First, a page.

The Chatter: Former Democratic legislator switches parties, abuse of emergency funds in Morgan County, slow progress in N.Ky. heroin fight

12/29/2015 03:00 PM

Former Democratic state Rep. Robert Damron, of Nicholasville, has changed his party registration to Republican, The Courier-Journal reported Tuesday.

Damron cited issues with the national Democratic Party, his belief that the Kentucky Democratic Party would skew more liberal with former Gov. Steve Beshear out of office and the fact that Jessamine County has more registered Republicans than Democrats, thus voters will have a greater say in local politics in Republican primaries than Democratic, as reasons for his departure, according to the report.

He also said he wanted to register Republican in time to vote for New York real estate mogul Donald Trump in the Republican Party of Kentucky’s March 5 presidential caucus, the Courier-Journal reported.

Damron lost a bid for Jessamine County judge-executive last year after serving in the state House of Representatives from 1993 through 2014.

Auditors find mismanagement of FEMA funds by Morgan County

Outgoing Auditor Adam Edelen’s office has accused former Morgan County Judge-Executive Tim Conley of abusing his authority in the aftermath of a devastating tornado in March 2012, according to an audit released Monday.

The audit, reported by the Lexington Herald-Leader, does not explicitly name Conley, but it says the former judge-executive “abused the authority of the emergency declaration by not properly bidding many contracts” as the Morgan County Fiscal Court extended his emergency declaration for nearly two years. Auditors said county officials had no authority to extend Conley’s emergency declaration.

During that time, Conley was granted power to pay bills, insurance claims, replace county vehicles and sign all documents as well as enter contracts without utilizing a formal bidding process, creating “an environment of very little oversight and opportunities for management override internal controls,” according to the audit.

Conley pleaded guilty in 2014 to a federal mail fraud charge stemming from $130,000 in kickbacks he accepted from a contractor, the Herald-Leader report states.

The audit’s findings included $165,519 in questionable debris-removal costs, $143,949 in debris-removal payments made with documentation created by county personnel rather than vendors, $117,324 used to build new restrooms at a little league park and concession stand at a swimming pool, $240,810 in federal awards with three vendors who did not have contracts with Morgan County, and six instances totaling $779,706 in federal funds awarded to vendors with contracts that did not have sufficient detailed information, among other issues.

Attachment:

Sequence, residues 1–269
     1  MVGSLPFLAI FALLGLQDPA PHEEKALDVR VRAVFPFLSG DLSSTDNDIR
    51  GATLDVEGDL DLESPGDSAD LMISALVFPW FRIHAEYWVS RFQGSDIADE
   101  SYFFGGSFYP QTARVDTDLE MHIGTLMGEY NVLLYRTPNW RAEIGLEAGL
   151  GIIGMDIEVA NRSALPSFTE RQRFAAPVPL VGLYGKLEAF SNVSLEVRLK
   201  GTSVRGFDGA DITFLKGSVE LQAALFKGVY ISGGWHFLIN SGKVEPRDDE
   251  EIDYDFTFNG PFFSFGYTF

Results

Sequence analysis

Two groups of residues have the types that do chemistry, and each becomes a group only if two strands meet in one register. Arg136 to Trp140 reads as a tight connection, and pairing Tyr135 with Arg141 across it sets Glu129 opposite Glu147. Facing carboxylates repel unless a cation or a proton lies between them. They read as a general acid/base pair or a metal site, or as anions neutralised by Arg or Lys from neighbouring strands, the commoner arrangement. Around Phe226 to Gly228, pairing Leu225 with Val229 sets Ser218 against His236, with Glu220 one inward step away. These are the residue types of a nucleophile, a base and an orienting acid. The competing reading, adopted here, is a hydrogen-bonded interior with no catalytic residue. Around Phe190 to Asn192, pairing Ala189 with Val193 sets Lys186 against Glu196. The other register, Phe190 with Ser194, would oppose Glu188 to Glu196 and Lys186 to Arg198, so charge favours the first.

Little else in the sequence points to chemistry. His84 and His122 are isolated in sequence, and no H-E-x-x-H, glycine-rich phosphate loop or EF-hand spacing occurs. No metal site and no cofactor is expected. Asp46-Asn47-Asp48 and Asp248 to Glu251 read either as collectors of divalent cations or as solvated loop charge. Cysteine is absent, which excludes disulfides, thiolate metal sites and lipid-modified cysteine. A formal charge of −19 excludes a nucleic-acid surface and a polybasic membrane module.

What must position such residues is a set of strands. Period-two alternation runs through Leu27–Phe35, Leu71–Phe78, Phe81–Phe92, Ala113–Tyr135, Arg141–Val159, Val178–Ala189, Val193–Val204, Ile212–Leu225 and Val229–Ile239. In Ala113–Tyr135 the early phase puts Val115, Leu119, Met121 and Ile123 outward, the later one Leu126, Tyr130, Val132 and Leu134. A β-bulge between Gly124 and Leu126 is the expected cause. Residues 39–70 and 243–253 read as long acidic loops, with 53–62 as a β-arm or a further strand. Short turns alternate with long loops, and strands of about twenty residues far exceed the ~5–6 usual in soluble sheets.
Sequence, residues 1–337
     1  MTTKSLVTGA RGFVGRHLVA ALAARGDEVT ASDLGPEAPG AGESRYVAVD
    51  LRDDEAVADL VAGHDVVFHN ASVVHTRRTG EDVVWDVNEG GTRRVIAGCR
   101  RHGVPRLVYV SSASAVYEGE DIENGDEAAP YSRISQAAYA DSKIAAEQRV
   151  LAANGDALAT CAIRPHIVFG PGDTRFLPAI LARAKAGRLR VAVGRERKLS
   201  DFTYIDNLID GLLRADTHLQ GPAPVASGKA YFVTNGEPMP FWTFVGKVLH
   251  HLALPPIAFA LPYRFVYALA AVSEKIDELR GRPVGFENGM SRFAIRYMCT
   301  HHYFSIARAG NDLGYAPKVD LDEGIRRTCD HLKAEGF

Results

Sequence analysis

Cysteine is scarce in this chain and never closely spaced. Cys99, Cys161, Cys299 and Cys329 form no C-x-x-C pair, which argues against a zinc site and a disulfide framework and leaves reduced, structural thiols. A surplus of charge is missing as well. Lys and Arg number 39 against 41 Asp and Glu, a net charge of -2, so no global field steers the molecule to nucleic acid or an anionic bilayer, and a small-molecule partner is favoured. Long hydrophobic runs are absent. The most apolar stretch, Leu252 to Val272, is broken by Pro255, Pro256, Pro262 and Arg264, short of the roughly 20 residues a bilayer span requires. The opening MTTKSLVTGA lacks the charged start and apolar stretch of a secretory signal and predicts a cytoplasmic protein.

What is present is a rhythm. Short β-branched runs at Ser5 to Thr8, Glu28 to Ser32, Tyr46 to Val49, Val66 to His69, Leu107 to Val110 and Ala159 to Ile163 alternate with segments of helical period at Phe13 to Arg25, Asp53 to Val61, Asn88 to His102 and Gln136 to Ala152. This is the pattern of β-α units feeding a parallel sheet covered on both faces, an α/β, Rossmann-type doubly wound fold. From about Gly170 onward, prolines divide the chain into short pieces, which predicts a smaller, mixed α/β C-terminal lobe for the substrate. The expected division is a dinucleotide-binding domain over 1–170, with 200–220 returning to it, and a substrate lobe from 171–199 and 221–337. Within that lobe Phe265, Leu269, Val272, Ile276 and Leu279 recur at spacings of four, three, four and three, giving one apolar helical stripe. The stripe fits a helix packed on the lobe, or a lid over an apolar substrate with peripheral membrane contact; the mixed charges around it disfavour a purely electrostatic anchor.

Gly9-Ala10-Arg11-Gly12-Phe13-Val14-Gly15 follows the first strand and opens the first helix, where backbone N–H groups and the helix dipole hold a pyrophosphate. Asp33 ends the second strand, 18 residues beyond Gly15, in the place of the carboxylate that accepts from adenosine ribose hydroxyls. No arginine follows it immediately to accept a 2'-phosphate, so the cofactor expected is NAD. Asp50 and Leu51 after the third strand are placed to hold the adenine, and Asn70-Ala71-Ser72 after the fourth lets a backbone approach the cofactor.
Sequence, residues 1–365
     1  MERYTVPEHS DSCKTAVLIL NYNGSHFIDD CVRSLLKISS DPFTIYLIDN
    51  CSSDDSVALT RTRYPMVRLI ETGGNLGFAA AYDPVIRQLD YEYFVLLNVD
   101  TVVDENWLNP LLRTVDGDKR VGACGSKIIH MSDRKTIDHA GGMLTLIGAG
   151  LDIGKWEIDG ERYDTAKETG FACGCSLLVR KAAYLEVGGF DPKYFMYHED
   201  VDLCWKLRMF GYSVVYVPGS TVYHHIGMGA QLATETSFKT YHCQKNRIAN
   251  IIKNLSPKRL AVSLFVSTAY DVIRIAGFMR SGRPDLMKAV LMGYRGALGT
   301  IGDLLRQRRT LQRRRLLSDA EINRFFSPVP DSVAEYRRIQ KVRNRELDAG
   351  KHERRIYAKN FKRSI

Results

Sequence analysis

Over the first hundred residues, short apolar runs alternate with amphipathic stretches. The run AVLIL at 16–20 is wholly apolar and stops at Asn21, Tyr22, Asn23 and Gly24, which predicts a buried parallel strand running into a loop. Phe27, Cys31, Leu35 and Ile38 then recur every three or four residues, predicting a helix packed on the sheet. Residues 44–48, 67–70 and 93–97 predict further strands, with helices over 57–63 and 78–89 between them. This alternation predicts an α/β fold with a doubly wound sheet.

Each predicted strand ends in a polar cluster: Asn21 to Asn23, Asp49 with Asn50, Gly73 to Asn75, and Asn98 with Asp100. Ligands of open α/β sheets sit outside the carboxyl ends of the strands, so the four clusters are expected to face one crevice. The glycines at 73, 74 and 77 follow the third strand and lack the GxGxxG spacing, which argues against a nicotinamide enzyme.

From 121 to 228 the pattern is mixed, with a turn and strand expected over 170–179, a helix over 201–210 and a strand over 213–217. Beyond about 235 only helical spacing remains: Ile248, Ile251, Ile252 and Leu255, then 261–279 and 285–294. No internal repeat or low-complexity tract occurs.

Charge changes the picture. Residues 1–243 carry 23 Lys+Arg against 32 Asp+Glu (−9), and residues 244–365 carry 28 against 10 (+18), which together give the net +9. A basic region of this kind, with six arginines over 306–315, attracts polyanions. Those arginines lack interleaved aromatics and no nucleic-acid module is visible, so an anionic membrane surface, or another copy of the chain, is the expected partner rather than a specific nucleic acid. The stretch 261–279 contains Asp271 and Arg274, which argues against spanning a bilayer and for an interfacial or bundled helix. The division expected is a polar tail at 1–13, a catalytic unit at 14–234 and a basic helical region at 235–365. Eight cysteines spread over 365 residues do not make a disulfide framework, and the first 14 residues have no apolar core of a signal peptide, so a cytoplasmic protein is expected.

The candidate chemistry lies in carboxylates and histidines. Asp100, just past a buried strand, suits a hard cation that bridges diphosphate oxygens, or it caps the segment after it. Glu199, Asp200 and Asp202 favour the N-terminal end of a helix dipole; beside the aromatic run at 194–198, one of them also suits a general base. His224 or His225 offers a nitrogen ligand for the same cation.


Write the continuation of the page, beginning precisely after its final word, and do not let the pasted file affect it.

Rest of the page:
The audit has been forwarded to the Federal Bureau of Investigation, the attorney general, the Department of Military Affairs and the U.S. Department of Agriculture.

Sluggish start for anti-heroin law in N.Ky.

The Cincinnati Enquirer reported Monday= that legislation crafted to battle heroin addiction by this year’s General Assembly has made little progress in stemming abuse of the drug in northern Kentucky.

The report cites growing overdose visits to area emergency room, saying such visits this year have climbed 44 percent among area emergency rooms operated by St. Elizabeth Healthcare compared to last year.

From the Enquirer report:

“There isn’t one additional bed in Northern Kentucky,” since the grandson of NKY Hates Heroin founder Noel Stegner died two and a half years ago. He said he was aware of the new treatment beds now being offered at the Kenton County Jail because of the law.

“But you gotta be in jail to get one,” said Stegner, who also expressed disappointment that a needle exchange has not yet been approved for Northern Kentucky.

Those in charge of executing what is known as (Senate Bill) 192 say that the law’s complexity made it difficult to roll out the new money immediately, since proposals and grant applications needed to meet certain criteria and be vetted. But they say that $5 million has already been dispersed statewide through the end of the year, with another $5 million to come by the end of June 2015.

Several area agencies received part of that including: the Kenton County Jail for more beds for addicted inmates; Covington-based treatment center Transitions for neonatal care; Covington-based mental health treatment center NorthKey to take minor drug offenders into treatment as an alternative for jail time; and the Kenton County Commonwealth Attorney’s to improve the “rocket docket” to speed up prosecution of drug cases.

“Overall, I feel pretty good about the process as well as the grants that were given out,” said Van Ingram, executive director of the Kentucky Office of Drug Control Policy. “It was a complicated process but we had to meet the letter and intent of the bill.”

The report added that the initial $10 million in funding will grow to $24 million per fiscal year beginning next year, with the General Assembly charged with allocating those funds.


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